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Ladies Night Real Full Monty

Over the last 2 nights, we’ve seen ‘The Real Full Monty’. Wednesday was the boys, raising awareness for Male Cancers, and last night was the girls turn, raising awareness for Women’s cancers. Both worthy causes, and if I’m honest, causes that aren’t explored enough.

I’ll be perfectly honest, nudity doesn’t bother me in the slightest. In fact, it bores me. We all have the same bits and pieces, they just come in different shapes and sizes, and apparently Colleen Nolan and Jeff Brazier certainly made up for most of the human race.

Sex Education is a broad subject, and it should be taught from cradle to grave. Not just the physical act, that’s a minor detail, as is making babies. Sex is everything from understanding the differences between guys and girls to menopause. Period pains to Male Teenage Aggression. A proper understanding of how our bodies work, and what can go wrong with them is imperative.

It’s also important to instil body confidence, but to also stress that no two bodies are the same. Jane has bigger boobs than Rachel. Billy is taller than Mark. Rhys wants to be called Rhea, and Lilly doesn’t like boys, she likes girls.

Can you imagine saying that to a 5 year old? Something so easy and simple to say, and understand, it’s almost a blasé comment, one that you would throw away without much afterthought. My nieces have never had an aunt and simple throw away comments made by my sister have made it normal. Obviously I’ve not told them about the joys of same sex relationships, or the physical side of it. But I have taught them that our relationship is no different to that of my sisters and her ex. We have bills, we bicker, we make up, we kiss.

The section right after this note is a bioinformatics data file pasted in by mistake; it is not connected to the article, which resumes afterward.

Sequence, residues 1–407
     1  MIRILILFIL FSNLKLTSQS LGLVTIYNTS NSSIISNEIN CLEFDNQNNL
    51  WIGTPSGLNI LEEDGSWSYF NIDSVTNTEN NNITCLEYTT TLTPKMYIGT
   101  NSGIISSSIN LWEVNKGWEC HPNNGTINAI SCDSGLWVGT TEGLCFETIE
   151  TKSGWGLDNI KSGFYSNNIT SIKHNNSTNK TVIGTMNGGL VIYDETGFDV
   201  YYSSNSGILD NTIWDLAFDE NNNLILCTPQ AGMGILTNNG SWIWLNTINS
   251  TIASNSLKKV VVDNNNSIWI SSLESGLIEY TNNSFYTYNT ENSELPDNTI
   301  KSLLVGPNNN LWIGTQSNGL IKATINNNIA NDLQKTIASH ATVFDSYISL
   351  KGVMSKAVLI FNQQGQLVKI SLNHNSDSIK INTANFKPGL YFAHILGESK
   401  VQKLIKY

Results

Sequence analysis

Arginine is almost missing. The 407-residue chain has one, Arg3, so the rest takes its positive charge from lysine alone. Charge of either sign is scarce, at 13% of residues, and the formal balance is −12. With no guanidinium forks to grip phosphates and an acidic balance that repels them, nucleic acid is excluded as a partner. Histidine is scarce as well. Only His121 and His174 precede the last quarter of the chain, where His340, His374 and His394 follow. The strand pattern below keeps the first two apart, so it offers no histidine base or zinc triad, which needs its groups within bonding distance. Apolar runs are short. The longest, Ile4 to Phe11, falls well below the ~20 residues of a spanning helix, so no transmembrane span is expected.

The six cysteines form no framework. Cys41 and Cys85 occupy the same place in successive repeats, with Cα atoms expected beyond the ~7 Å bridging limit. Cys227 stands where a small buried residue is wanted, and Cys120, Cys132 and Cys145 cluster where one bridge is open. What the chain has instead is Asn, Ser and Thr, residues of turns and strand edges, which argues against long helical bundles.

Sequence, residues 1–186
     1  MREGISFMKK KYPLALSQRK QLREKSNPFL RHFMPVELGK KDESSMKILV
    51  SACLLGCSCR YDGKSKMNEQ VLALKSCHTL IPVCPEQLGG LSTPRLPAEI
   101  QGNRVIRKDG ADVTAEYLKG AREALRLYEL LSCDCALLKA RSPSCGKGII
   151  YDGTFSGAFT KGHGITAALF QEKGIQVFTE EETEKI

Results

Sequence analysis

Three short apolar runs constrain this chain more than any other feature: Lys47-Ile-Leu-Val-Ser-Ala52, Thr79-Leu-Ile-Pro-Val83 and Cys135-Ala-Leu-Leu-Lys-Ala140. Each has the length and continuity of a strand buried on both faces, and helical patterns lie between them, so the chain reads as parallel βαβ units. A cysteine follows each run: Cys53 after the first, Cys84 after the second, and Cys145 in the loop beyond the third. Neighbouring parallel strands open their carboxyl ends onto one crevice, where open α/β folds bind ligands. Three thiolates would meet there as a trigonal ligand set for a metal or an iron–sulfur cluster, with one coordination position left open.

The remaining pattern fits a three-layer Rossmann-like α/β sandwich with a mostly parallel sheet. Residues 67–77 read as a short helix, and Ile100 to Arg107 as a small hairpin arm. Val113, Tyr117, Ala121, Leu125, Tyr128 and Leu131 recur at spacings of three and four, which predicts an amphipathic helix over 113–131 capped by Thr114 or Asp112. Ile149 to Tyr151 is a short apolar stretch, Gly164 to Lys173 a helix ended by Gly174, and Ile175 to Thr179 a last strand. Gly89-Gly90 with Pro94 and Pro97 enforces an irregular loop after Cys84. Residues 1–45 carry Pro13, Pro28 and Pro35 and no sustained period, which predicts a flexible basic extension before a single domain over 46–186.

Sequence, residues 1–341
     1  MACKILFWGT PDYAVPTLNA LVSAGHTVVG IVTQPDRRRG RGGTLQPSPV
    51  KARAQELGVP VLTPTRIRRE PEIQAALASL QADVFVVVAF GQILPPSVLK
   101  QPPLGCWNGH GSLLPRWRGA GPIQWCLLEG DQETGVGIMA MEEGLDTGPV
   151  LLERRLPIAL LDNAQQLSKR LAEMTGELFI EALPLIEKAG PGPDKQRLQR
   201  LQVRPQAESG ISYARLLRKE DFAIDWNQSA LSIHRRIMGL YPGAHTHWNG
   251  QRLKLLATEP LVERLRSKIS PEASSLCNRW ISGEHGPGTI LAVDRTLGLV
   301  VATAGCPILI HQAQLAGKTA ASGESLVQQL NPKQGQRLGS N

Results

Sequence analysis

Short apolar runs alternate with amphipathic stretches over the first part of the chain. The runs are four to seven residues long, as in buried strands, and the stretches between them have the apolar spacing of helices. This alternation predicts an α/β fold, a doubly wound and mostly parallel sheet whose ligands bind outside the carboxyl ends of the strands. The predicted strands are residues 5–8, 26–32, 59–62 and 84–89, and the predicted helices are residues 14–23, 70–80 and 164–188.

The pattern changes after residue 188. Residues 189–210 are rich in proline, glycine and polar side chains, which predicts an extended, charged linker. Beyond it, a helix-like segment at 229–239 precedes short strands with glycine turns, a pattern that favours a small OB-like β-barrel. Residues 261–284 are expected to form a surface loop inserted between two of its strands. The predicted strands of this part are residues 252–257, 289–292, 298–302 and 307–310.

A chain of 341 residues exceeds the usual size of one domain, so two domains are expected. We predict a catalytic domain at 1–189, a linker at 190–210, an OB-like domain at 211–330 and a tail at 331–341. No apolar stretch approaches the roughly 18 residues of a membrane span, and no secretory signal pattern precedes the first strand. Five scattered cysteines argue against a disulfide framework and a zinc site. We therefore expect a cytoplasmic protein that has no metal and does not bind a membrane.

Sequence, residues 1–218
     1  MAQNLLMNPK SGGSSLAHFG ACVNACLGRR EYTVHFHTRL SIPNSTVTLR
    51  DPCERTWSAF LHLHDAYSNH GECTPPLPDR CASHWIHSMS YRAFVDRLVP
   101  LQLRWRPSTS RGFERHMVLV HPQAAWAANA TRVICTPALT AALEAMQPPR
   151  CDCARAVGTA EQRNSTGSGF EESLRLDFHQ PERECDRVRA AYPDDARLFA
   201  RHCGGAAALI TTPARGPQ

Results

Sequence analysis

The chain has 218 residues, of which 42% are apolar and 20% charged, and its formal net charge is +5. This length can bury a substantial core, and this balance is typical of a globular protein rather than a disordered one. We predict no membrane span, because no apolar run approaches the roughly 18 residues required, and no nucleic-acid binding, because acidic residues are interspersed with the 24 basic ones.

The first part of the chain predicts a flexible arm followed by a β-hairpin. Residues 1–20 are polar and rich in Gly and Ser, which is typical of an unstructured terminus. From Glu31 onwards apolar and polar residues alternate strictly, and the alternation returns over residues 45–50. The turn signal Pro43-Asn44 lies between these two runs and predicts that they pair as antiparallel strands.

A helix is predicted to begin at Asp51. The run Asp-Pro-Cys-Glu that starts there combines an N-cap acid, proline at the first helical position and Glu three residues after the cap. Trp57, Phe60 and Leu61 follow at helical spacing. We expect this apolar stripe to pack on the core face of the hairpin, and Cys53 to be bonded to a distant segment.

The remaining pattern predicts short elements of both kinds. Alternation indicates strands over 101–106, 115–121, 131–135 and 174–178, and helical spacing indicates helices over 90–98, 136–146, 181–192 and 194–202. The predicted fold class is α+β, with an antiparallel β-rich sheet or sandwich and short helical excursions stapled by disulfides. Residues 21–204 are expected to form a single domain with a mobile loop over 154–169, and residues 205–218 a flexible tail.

So, why are we whitewashing our kids sex education? Sex is one of the fundamental cores of our very being. Why aren’t boys taught about periods? Why are girls not taught about prostates? Why is the human body so alien to the other gender? We all have hormones, we all have to go through puberty, we all experience good and bad relationships. Why are we not teaching the WHOLE subject? From bumpy boobs to bruised balls, we all at some point in our lives have a complaint about our intimate parts, why don’t we just normalize them? Maybe then, people would be more inclined to speak to their doctor or STI clinic.

Hypothetical scenario: ‘Doctor Frankenstein, my left breast is really tender and it’s drooping slightly more than usual.’. Instead, what do ladies do? They wear a higher support bra.

The same goes for men too. They could have a lump the size of a water melon on their testical, but they’ll do all they can to not disclose it, usually out of embarrassment.

Come on, it’s the human body, we all have one. Talk about it, and the possible issues we may have, that is the only way to get people to understand what’s normal, and if there’s something wrong.

 

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